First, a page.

New research tool invites young viewers to assess their viewing
Are you sitting in front of your TV and smoking the programming equivalent of crack cocaine while scoffing deep fried chicken and creamy cakes? Or are you slurping up pasta and munching a healthy salad?
TV Diet is an innovative new research tool that has been developed by Media Monitoring Africa (MMA) to gather feedback from young TV viewers – by inviting them to Facebook to play a game and then share their views on social networks.
It uses the analogy of food to rate the shows we’re watching – and rewards responses with emoticons, badges and wallpapers.
“Are you a healthy viewer, a junk food addict or somewhere in between?” it asks, also painting a picture of your TV viewing diet.
The website, says MMA, is designed to help youngsters decide which TV is good for them and which is bad so that they can make informed choices and, ultimately, affect change in the shows on offer by contributing to reports that will be sent to broadcasters.
Shows are rated on factors such as negative sex stereotypes and violence (poison), harmless entertainment (junk) through to life lessons and educational elements (healthy).
“Viewer feedback will be entered into a database which we’ll use for programming reports,” says MMA researcher Lethabo Dibetso.
The interactive game will be launched next week, along with accompanying research into the SABC’s programming called What’s on the Menu?
For a month, MMA tracked SABC’s local content.
“According to the preliminary findings of the report, across the board we consume a lot of junk TV,” says fellow researcher Thandi Smith.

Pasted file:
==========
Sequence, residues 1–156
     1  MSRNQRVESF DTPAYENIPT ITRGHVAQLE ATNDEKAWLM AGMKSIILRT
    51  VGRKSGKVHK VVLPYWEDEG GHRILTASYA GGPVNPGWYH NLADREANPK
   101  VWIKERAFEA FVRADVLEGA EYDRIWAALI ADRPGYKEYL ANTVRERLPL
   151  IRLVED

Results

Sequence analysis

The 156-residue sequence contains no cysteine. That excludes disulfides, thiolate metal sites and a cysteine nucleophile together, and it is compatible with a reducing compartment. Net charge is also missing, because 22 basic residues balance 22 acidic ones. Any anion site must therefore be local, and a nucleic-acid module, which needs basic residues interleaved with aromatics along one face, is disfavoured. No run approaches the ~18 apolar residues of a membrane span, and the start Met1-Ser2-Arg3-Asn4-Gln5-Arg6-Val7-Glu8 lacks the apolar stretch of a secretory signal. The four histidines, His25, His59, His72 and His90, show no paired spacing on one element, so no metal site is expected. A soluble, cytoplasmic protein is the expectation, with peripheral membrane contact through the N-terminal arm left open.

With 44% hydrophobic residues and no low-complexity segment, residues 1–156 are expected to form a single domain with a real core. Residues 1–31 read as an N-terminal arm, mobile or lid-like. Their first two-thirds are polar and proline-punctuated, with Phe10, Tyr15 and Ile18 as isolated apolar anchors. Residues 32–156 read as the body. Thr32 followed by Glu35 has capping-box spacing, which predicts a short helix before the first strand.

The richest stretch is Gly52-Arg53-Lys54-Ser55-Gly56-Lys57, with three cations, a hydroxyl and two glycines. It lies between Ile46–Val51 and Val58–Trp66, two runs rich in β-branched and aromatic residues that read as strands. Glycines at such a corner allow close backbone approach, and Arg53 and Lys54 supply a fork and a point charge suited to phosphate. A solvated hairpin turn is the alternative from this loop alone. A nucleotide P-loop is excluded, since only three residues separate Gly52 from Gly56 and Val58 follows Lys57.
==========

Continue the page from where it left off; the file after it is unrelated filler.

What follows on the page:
All three SABC channels served up a majority of junk food, sweets and cakes, and failed dismally to provide enough salad and vegetable viewing.
While SABC 1 fared slightly better than SABC 2, it was SABC 3 that performed worst of all.
“What we’re all looking for, of course, is a healthy diet – a mix of entertainment and education. But the gist of the preliminary findings is that our public broadcaster is failing to strike a balance,” says Smith.
The research indicates that the SABC is delivering mostly junk food due to advertiser-funded programming, cutting back on local content, and relying on repeats and the effects of globalisation.
It adds that the broadcaster repeatedly favours certain production companies – and in the process acts “like a sugar daddy” towards them. “We’ll be releasing a series of reports in future, including ones on e.tv and M-Net,” adds Dibetso.
» To check out the project, go to tvdiet.co.za
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